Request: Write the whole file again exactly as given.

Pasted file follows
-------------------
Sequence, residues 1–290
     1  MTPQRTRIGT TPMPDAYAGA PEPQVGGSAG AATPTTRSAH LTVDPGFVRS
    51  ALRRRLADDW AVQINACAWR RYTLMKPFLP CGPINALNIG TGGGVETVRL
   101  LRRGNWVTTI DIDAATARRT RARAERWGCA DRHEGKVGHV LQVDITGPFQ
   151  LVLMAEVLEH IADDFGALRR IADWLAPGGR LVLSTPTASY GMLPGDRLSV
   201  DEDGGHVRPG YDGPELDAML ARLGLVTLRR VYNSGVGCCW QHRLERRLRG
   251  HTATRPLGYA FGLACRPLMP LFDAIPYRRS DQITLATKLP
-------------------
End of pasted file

Sequence, residues 1–290
     1  MTPQRTRIGT TPMPDAYAGA PEPQVGGSAG AATPTTRSAH LTVDPGFVRS
    51  ALRRRLADDW AVQINACAWR RYTLMKPFLP CGPINALNIG TGGGVETVRL
   101  LRRGNWVTTI DIDAATARRT RARAERWGCA DRHEGKVGHV LQVDITGPFQ
   151  LVLMAEVLEH IADDFGALRR IADWLAPGGR LVLSTPTASY GMLPGDRLSV
   201  DEDGGHVRPG YDGPELDAML ARLGLVTLRR VYNSGVGCCW QHRLERRLRG
   251  HTATRPLGYA FGLACRPLMP LFDAIPYRRS DQITLATKLP